Daw Mill closure: Vow to help hundreds of miners
Councillors have pledged to do all they can to help the hundreds of miners who have lost their jobs at Warwickshire's last-remaining deep mine.
UK Coal said on Thursday it needed to shut Daw Mill Colliery after a "ferocious" fire, which started last month and showed no signs of stopping.
About 100 of the mine's 650 workers are due to be redeployed by UK Coal.
North Warwickshire Borough Council leader Mick Stanley said it was a "big blow" to the area.
An emergency meeting was held at the council on Thursday to discuss what would happen.
Officials had previously been holding meetings on how to help the miners who live in the area.
Mr Stanley said the authority was trying to work out the full impact the mine closure would have on the area.
He said: "It's not just the 650 people who've lost their jobs, it's the other firms involved too.
"We've got haulage firms that work with the colliery, people who provide services to the mine, local shops and other things."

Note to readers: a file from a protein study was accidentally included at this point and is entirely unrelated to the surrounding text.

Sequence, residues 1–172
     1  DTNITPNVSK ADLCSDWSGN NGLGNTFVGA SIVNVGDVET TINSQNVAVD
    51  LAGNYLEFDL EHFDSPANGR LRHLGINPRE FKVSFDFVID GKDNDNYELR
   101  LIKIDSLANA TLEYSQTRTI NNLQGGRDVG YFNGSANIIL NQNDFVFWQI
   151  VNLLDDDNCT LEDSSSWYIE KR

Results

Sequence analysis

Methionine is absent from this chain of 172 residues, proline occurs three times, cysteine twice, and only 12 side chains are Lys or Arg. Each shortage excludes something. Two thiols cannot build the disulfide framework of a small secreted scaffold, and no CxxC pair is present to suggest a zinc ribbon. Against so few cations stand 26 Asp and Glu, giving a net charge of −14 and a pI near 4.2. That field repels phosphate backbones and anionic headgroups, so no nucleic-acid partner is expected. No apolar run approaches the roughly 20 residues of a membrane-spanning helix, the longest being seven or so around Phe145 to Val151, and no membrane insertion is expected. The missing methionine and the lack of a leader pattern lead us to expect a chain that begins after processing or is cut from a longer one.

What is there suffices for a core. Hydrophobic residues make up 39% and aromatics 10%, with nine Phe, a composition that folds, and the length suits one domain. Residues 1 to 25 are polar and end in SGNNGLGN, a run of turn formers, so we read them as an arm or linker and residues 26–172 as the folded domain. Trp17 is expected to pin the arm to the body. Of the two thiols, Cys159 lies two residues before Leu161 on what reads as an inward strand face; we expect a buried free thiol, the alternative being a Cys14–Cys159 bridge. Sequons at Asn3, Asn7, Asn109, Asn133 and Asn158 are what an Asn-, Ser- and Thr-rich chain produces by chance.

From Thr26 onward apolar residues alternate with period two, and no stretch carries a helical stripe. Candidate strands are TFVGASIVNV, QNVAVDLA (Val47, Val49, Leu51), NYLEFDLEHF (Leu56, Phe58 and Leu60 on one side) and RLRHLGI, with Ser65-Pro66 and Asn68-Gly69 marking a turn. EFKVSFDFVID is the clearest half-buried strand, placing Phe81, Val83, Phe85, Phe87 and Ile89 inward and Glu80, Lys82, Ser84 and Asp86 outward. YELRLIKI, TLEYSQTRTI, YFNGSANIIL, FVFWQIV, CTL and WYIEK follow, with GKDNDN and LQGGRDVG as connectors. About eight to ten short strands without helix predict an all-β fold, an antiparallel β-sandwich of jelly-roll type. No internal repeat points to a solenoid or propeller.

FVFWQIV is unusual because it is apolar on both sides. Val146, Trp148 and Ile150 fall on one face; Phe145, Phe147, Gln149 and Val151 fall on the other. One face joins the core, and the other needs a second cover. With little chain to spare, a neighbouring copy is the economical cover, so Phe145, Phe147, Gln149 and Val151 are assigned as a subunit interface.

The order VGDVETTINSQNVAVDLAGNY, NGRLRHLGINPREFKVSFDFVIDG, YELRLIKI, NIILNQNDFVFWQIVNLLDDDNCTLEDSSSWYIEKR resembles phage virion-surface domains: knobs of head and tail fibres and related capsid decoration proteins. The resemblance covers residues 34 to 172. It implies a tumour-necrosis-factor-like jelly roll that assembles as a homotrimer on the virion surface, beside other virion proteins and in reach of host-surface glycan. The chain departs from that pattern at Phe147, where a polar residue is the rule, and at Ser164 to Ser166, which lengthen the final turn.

UK Coal said a small team would remain on site to secure the mine over the coming months, but the majority of its 650 staff would be made redundant.
Conservative Energy Minister John Hayes has also offered to meet some of the miners and UK Coal to talk about what support can be given.
He said: "Those that can have moved on… but those that aren't able to be accommodated by the company, I want to give as much support as possible.
"I've been involved with Job Centre Plus, I've been involved with the Department of Business, Innovation and Skills - I want to put as much effort as we can into helping these people to retrain if that's necessary - to get other jobs, as much support as we can."
Over the past year, the company has announced restructuring programmes at the mine and in August it said it was "unlikely" the mine would remain open after 2014.
About 56 million tonnes of coal is estimated to remain underground.